Perhaps John C. Baddeley was one of the opponents. He had good reason to support separate towns because he was appointed the first postmaster of what was called West Urbana.

"A good move and a good appointment say we," wrote the Union (Cunningham) in May 1855. "The increasing business and population of that point render an office really essential to its convenience and prosperity."

Baddeley appears to have begun the 165-year tradition of duplicative government administration in Champaign-Urbana.

McCollum's book said that West Urbana was incorporated under the statutes in April 1857 and that five trustees soon were elected to oversee its business. Among them was Baddeley; J.T. Couch, who operated a lumberyard; and A.M. Whitney, a justice of the peace. The others were E.G. McCan and J.J. Sutton.

Are they the villains? Maybe, but we don't know for certain.

Crosswalk needed

"Has the city of Champaign recently considered adding crosswalk paint and signage to Grandview Drive at the intersection of Elm Boulevard on the north border of Hessel Park? Given the number of cars that zip around the park and the pedestrians and cyclists I often see scrambling out of harm's way, it would appear to be a great spot to alert drivers."

"Establishing a painted crosswalk would not be as simple as that, it would require the need to collaborate with the Champaign Park District," said Kris Koester, spokesman for the Champaign Public Works Department. "For a crosswalk to be installed, there would need to be an ADA compliant ramp on the park side of the crossing and a sidewalk connection to the internal sidewalk network of the park. The city of Champaign would also need to update the ramp to the north.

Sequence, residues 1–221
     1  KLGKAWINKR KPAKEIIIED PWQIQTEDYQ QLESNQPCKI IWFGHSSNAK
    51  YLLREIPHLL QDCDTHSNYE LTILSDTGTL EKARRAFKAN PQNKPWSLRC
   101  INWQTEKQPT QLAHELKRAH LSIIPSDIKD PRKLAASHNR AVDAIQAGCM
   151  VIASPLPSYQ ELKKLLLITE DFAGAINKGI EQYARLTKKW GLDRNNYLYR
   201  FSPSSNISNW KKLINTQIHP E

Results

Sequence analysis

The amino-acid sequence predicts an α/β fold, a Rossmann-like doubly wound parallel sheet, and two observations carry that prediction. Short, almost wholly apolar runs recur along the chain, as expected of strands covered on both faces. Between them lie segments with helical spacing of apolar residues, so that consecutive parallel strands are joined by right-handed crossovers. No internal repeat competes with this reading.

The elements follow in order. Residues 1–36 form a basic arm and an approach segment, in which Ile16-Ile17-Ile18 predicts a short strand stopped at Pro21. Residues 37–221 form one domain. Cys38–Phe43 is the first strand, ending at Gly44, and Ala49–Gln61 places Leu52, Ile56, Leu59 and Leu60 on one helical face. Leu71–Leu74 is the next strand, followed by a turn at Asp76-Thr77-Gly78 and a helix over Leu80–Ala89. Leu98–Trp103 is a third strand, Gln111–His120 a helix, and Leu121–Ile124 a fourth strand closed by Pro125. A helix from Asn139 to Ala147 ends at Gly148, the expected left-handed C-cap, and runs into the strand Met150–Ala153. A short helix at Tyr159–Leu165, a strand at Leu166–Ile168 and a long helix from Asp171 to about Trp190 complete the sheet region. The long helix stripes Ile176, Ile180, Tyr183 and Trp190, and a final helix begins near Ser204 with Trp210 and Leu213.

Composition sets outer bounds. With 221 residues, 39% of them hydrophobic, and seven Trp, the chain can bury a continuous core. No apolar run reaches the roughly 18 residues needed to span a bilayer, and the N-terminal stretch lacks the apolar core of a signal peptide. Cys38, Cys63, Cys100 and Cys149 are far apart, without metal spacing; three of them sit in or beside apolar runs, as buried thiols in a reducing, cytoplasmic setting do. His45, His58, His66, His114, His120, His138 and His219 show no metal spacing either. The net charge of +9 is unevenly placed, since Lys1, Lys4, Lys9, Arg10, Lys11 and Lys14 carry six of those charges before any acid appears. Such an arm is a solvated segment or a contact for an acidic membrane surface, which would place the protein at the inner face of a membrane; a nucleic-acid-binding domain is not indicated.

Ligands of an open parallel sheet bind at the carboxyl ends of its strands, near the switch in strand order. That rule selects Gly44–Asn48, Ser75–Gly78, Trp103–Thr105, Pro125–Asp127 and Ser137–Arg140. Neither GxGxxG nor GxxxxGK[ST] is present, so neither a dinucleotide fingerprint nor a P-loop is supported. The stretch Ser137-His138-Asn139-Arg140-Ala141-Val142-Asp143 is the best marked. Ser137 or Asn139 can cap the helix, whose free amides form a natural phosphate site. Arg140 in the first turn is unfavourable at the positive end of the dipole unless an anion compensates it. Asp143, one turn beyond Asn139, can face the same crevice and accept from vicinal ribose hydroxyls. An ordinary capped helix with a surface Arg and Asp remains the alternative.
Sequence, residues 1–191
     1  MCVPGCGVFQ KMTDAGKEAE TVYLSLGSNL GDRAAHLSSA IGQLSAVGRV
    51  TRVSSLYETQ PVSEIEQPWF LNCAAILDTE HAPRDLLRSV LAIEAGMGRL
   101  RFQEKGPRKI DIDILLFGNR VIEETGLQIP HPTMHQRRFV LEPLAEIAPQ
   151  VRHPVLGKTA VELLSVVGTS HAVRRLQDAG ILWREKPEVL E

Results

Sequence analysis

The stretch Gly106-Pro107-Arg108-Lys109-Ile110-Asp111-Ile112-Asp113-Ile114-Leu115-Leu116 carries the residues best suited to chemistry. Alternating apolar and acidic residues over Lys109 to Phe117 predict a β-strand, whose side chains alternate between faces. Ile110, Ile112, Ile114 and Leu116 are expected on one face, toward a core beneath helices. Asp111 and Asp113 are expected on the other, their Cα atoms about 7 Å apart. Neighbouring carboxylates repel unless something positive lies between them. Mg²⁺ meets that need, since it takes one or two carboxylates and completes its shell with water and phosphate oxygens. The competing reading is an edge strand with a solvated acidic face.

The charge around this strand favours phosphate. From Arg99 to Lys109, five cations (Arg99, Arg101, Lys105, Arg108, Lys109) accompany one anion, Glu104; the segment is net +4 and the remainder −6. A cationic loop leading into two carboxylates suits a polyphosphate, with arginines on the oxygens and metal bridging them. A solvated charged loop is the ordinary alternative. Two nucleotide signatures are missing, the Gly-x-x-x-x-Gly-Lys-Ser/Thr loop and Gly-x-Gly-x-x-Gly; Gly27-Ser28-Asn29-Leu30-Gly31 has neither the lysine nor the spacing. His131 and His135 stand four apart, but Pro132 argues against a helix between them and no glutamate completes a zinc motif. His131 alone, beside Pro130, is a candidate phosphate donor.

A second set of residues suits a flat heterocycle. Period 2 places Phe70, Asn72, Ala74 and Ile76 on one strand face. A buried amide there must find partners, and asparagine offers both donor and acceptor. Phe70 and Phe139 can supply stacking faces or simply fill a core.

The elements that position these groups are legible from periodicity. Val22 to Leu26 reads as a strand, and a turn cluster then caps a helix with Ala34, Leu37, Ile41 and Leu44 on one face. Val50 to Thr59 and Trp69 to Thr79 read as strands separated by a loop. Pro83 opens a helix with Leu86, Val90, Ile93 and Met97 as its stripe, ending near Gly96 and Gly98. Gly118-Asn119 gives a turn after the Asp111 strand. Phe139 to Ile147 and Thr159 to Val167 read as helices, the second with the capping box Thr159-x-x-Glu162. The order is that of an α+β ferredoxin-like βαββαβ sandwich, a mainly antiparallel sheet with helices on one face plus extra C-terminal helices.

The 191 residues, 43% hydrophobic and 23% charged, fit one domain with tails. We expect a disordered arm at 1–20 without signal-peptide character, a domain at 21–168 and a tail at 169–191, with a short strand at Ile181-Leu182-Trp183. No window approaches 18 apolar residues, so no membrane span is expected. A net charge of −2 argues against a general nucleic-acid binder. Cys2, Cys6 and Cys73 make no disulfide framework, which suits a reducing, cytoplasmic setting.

"Given the location of the sidewalk to the north and how it lines up with the driveway at the park, any crosswalk would need to be shifted to the west, in a location similar to what you would see at an intersection. Given the street is oil and chip with some semblance of a ditch, it would require us to work through a design study to determine the location that works the best for this particular situation. The work would likely involve constructing sidewalk around the northwest corner to the crossing point. This work is not currently in the city's 10 year Capital Improvement Plan, but we will make note of it."

Intersection complaint

"Why does the intersection at First and Windsor require westbound and eastbound traffic to flow separately? Are there any plans to change this? The allotted time at the intersection also feels disproportionate considering the lesser amount of traffic flowing down First Street."

In a past mailbag question it was noted that this intersection was configured in the late 1980s before it became part of the city of Champaign.

As use of Windsor Road and South First Street increased there were several crashes at the intersection in the early 1990s. Turns were determined to be a factor so the recommendation was to split phase the intersection to alleviate the safety issues. That is the current approach.